Tuesday, March 24, 2009

A thousand fires coming to New York City?

When I was a kid, I read about David Wilkerson who took to Gospel to the gangs of New York. I even saw the movie "The Cross and the Switchblade" that was made about him. Many know about that, but most don't know what happened in his church just eight years ago.

In the fall of 2001, Pastor David Wilkerson, of Times Square Church in New York City, was warned by God that a calamity was coming. For six weeks they felt an intense burden and enormous heaviness. A critical need for intercession was so profound that Pastor Wilkerson canceled everything on the church calendar – mission's conferences, youth events and every guest speaker.

For six weeks, there wasn't a sermon. Instead, there was intercession for our nation with weeping and repentance. They knew something was coming and that something was bad. And that something was soon. So they prayed. And prayed … and prayed.

Then Wilkerson felt God telling him something that seemed rather bizarre. He felt God telling him to make sandwiches – lots of sandwiches. What were they for? Who would eat them? That part wasn't clear, but his church did what they believed God was telling them anyway.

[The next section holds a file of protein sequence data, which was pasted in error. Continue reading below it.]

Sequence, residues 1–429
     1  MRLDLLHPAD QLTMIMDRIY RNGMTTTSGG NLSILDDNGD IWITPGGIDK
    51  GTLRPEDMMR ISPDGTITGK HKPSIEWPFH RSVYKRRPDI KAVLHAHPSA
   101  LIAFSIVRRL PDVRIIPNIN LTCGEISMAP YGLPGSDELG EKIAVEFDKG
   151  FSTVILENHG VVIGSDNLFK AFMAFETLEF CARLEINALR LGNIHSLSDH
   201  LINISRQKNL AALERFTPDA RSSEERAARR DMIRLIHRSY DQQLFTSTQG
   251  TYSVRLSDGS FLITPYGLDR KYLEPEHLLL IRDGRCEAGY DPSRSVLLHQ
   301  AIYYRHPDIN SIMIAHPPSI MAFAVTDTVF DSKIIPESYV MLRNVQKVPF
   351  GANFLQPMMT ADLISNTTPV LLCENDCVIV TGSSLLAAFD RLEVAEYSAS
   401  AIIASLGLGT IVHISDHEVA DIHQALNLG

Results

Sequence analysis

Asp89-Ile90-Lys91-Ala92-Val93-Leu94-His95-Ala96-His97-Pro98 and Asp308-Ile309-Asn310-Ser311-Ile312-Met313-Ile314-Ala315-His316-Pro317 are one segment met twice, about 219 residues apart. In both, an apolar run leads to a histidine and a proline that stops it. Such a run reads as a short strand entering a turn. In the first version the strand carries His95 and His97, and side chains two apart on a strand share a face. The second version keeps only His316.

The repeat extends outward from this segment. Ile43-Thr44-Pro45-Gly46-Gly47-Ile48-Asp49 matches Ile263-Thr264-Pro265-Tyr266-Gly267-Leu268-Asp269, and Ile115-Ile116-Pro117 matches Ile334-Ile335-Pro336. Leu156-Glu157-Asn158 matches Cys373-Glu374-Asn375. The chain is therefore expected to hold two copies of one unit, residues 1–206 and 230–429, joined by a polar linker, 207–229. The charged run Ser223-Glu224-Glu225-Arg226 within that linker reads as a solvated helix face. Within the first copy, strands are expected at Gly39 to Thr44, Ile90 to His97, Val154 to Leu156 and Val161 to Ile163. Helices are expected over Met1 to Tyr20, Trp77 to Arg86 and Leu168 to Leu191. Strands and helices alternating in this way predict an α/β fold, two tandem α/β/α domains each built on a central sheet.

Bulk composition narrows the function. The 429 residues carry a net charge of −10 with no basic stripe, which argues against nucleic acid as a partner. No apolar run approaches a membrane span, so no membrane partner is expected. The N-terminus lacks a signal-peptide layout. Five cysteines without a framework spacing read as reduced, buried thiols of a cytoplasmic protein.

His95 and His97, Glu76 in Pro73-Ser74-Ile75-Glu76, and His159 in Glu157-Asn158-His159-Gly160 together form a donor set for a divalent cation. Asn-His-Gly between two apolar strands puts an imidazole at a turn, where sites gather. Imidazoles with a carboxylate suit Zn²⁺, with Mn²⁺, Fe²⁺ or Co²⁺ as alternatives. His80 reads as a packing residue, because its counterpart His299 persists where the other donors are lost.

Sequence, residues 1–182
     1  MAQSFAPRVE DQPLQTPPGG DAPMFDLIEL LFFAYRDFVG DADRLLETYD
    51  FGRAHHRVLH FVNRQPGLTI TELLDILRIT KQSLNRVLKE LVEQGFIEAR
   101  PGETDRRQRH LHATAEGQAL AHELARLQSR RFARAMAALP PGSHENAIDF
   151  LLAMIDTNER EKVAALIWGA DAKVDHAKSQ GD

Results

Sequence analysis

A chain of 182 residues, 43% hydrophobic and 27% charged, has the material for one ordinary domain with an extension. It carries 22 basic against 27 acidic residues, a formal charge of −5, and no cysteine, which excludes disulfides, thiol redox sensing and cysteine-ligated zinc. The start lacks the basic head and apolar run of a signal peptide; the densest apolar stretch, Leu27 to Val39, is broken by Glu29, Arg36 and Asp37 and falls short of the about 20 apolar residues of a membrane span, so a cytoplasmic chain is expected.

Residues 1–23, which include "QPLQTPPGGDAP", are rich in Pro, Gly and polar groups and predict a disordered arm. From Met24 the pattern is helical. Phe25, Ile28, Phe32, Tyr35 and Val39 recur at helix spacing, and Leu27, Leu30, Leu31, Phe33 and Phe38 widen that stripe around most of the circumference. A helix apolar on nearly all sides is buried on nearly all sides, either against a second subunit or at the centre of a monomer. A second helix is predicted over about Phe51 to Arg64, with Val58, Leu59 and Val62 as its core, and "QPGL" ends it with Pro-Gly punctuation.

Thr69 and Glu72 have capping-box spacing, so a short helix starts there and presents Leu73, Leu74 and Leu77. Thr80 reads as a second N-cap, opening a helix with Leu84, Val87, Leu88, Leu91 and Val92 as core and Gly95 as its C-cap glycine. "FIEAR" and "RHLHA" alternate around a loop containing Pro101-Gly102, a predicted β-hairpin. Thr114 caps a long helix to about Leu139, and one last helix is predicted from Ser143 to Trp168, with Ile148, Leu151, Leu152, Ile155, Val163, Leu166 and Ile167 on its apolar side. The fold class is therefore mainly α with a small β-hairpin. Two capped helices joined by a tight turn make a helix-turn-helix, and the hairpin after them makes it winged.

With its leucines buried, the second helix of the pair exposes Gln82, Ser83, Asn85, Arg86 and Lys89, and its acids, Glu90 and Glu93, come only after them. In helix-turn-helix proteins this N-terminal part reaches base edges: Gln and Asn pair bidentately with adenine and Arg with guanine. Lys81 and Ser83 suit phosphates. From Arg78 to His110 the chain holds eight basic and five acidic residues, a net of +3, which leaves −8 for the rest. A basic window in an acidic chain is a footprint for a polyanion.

And on the 10th of September they stayed up all night making hundreds and hundreds of peanut butter and jelly sandwiches. By morning they had about 2,000 sandwiches. At 8:46 a.m. the first plane hit the World Trade Center and Times Square Church was ready to feed and minister to rescue workers and victims of our nation's worst attack.

Making sandwiches all night is a strange thing to do. If someone told me to stay up all night making sandwiches, I'd probably tell them they were crazy. But if David Wilkerson says he's heard something from God today, I think we'd be crazy not to listen.

He now says he feels the same thing he felt leading up to the attack by radical Islam. In an "URGENT MESSAGE" dated March 7, 2009, Wilkerson said:


For 10 years I have been warning about It will engulf the whole megaplex, including areas of New Jersey and Connecticut. Major cities all across America will experience riots and blazing fires – such as we saw in Watts, Los Angeles, years ago.

There will be riots and fires in cities worldwide. There will be looting – including Times Square, New York City. What we are experiencing now is not a recession, not even a depression. We are under God's wrath. In Psalm 11 it is written:

… God is judging the raging sins of America and the nations. He is destroying the secular foundations.